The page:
Maine utility launches time-of-use rates

Wednesday, December 12, 2012

A Maine electric utility has launched a program to offer residential consumers rates that vary depending on whether the consumption occurs during times of peak demand on the electric grid.  Central Maine Power Company's residential time-of-use rates are designed to encourage consumers to shift their use of electricity-intensive equipment to off-peak hours, generally between 8:00 p.m. and 7:00 a.m. and on weekends. How many customers will choose this option?  What effects will it have, both for the consumers opting in and for society as a whole?

Traditionally, electric ratepayers pay the same price for every kilowatt-hour of energy they consume, without regard to the time of consumption or to conditions on the grid.  But the cost of producing a given kilowatt-hour of electricity depends on factors including the portfolio of generators operating at the time, as well as on the instantaneous demand for electricity in the overall regional market.  Because they are not directly exposed to the real-time price of power, consumers individually and collectively may not make efficiency choices about how much power they consume, and when they consume it.  For example, energy prices are typically lower at night, when demand is reduced, but consumers have not traditionally had any incentive to shift their consumption to lower-priced nighttime hours.  Some utilities have offered industrial and commercial businesses time-of-use rates to encourage efficiency, but most residential ratepayers have not had this option in recent years.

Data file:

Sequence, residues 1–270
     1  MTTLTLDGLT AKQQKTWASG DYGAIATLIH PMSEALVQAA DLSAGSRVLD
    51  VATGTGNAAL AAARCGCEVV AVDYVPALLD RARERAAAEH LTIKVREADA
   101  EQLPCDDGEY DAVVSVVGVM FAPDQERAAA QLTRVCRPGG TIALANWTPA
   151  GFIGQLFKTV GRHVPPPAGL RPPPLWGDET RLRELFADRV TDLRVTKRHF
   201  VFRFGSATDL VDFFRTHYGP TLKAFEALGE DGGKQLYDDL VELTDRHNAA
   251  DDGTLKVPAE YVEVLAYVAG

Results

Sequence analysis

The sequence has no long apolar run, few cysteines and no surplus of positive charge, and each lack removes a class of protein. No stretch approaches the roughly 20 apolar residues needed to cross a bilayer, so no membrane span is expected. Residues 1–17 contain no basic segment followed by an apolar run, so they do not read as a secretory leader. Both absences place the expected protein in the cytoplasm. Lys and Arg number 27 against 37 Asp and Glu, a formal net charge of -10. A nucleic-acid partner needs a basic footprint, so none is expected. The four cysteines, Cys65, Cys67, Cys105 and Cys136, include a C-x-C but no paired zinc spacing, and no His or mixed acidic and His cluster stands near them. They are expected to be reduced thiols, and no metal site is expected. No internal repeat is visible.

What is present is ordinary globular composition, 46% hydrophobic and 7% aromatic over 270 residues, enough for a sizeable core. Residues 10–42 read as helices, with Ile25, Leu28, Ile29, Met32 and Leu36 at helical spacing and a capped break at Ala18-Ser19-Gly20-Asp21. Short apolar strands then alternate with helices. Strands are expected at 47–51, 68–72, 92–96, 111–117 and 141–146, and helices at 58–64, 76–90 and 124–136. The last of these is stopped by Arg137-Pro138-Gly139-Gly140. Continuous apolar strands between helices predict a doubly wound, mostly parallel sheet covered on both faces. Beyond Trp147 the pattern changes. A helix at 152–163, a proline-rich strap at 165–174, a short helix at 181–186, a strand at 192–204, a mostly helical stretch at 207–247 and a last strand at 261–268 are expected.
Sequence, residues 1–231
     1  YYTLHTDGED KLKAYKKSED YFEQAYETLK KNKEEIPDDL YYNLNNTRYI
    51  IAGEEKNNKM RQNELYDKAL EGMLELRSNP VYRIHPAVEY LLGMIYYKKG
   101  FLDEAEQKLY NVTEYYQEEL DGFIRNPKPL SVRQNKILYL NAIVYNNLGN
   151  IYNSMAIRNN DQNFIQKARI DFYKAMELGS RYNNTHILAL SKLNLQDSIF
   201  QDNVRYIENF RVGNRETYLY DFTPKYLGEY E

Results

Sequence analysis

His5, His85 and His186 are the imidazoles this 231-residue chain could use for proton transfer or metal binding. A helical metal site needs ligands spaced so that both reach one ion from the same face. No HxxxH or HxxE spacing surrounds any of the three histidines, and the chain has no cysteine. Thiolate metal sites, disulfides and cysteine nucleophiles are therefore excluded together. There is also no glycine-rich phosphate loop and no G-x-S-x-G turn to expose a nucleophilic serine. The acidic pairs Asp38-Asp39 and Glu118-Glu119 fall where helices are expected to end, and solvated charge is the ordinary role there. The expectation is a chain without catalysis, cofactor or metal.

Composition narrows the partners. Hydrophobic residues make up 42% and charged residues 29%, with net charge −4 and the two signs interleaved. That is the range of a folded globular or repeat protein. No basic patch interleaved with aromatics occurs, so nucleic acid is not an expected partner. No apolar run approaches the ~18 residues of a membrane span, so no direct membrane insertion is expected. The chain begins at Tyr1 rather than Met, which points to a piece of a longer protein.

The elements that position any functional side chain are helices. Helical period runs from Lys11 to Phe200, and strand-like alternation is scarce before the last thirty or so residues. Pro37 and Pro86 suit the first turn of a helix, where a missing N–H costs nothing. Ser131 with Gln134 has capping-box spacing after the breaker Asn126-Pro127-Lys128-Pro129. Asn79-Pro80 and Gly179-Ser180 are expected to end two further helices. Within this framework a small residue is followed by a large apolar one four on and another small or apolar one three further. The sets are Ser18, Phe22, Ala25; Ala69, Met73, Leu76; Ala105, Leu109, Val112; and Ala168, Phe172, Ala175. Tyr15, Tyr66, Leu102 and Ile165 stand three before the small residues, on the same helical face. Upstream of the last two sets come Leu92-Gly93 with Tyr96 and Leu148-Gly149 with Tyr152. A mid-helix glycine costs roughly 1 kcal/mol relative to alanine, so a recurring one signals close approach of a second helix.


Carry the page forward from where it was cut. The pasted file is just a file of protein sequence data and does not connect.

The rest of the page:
Central Maine Power now offers residential consumers the option to choose time-of-use rates.  Prices during peak hours will be about 15 percent higher than under the default rate schedule, with off-peak prices about 20 percent below the default rates.  The structure offers the opportunity for consumers to choose to shift heavy-consuming applications like air conditioning and heating to off-peak hours.  This could save these consumers money - but it would require them to modify their behavior, invest in new "smart" technology, or both.  Will consumers find the opportunity for savings to be worth these changes?

The current enrollment window is open through January 31, 2013.

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